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view

Usage

view: view_name {}

Hierarchy

Default Value

None

Accepts

A Looker identifier

Special Rules

  • To be usable, the view must be referenced by an explore or join parameter
  • View names must be unique within any given model

Definition

The view parameter, along with its underlying parameters, describes a table of data that will be used in a Looker model. That table can already exist in your database or you can create a new table using Looker’s derived table functionality.

In the case of an existing database table, the name of the view generally matches the name of the table that you want to work with. If you want the view name to be different than the underlying table or if you need to reference a table from a different database or schema, you can add the sql_table_name parameter.

In the case of a derived table, the name of the view can be any identifier. Then references to the derived table use that identifier name.

After you create a view, you must reference that view in an explore or join parameter to make the view available to users.

Examples

Make the order table in your database available for modeling:

view: order {}

Create a derived_table named user_facts:

view: user_facts { derived_table: { sql: … ;; } }

Make the order_1 table in your database available for modeling, but use the sql_table_name parameter to call it order:

view: order { sql_table_name: order_1 ;; }

Use the sql_table_name parameter to make the user table from your analytics schema available for modeling:

view: user { sql_table_name: analytics.user ;; }

Common Challenges

A view Is Not Accessible by Users Until Added Using explore or join

Creating a view will not do anything in and of itself. In order for users to be able to interact with it the view must be referenced by an explore or join parameter.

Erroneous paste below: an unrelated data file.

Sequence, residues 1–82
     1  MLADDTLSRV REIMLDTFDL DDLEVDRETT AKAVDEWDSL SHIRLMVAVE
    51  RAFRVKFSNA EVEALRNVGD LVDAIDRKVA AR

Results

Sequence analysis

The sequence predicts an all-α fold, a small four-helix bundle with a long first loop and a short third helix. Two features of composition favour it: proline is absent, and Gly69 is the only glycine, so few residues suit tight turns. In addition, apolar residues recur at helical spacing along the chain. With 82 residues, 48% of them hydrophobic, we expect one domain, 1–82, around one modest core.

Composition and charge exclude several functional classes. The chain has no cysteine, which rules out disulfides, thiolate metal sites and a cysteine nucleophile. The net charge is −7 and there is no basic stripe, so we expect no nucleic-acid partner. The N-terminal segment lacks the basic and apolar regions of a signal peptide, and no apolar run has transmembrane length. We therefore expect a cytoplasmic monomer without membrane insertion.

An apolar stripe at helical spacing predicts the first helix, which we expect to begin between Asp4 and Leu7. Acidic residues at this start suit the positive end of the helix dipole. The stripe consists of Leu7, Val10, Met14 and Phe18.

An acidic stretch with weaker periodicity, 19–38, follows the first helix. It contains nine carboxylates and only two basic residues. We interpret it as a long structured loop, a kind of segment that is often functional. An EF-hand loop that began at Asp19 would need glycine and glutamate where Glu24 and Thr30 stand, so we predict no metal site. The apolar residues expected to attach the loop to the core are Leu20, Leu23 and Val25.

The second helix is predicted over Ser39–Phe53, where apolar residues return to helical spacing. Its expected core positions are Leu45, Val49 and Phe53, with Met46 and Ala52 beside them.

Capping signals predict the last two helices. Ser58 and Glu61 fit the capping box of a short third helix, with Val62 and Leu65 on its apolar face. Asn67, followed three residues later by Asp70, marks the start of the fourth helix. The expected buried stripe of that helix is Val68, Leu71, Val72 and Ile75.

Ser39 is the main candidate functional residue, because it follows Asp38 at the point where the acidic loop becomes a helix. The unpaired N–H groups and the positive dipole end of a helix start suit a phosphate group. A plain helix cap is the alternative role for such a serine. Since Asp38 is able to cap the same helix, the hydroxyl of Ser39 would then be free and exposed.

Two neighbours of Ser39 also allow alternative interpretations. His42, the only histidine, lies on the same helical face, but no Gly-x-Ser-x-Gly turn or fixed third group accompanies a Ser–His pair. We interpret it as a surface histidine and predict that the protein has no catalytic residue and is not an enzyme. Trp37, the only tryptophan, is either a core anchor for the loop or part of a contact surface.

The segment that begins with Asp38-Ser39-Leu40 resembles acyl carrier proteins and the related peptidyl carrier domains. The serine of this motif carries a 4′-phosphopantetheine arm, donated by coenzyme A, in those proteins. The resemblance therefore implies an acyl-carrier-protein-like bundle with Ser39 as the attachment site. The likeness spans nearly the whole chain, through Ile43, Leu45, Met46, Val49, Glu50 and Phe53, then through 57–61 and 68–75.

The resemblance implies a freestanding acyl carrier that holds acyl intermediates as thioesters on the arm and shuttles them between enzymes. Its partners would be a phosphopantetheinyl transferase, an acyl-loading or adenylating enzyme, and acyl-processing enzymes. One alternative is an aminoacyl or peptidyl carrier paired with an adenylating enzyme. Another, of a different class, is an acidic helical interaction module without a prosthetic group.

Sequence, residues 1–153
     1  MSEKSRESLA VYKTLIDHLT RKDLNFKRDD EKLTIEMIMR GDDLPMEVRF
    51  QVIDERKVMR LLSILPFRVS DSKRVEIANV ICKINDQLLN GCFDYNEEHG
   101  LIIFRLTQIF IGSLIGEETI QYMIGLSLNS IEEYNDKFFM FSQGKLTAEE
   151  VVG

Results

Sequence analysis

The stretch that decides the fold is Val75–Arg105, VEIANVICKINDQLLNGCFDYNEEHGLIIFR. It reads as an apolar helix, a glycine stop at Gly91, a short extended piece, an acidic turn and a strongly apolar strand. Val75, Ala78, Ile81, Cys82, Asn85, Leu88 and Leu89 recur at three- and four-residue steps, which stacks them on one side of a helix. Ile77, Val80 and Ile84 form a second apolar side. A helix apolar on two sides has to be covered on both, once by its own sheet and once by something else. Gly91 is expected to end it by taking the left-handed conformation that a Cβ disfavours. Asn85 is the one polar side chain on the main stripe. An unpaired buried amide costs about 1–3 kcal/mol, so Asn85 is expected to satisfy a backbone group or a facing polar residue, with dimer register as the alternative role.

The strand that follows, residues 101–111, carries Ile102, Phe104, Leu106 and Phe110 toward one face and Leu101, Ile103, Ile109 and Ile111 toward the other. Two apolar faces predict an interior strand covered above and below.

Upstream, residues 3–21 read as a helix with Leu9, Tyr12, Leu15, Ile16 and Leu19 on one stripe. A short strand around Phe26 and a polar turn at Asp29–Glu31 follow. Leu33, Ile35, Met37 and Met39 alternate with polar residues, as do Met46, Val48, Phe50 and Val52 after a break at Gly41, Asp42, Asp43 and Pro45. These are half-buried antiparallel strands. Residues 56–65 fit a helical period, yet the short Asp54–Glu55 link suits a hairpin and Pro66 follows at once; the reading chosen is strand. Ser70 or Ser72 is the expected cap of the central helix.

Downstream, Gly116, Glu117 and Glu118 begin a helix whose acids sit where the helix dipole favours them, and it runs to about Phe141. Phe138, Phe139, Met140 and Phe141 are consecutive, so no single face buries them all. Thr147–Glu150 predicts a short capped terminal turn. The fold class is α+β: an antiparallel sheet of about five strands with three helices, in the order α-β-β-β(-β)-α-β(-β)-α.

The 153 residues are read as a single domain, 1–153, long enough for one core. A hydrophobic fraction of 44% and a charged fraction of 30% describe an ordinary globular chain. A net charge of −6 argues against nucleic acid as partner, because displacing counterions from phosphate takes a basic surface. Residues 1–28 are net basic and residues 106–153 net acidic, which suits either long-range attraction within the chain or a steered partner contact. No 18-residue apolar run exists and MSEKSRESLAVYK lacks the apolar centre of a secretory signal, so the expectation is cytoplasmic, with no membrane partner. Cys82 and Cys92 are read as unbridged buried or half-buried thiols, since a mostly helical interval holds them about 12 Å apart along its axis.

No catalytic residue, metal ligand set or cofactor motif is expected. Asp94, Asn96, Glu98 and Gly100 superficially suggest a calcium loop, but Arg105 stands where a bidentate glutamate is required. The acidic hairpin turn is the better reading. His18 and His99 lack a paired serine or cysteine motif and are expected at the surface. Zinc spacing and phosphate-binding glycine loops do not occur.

Two views Must Be Referred to by Different Names within an explore

Within any given Explore, a view can be used more than once, but each view must have a unique reference. If you need to join a view to an Explore more than once, you need to use the from parameter in your join.

Tables Referenced by view Must Be Accessible from the Current Connection

views are referenced by an explore or join parameter, which in turn is referenced by a model. The model determines which database connection is used (see the connection parameter). Database connections themselves are defined in the Admin section of Looker, and they have a default schema associated with them.

When you reference a table in the view parameter, the table needs to be accessible within the associated connection. Additionally, if you need to reference a table from the non-default schema, you’ll need to make use of the sql_table_name parameter to provide the non-default schema name.

Things to Know

view Usually Contains Dimensions and Measures

Although view could theoretically be used all by itself, in practice, it almost always has dimensions and measures nested underneath it. Dimensions provide access to the columns of the database table, while measures allow aggregation of columns.

Dimensions are described on this page, while measures are described on this page. In addition, you can define filter fields and groups of date-based dimension fields using dimension groups.

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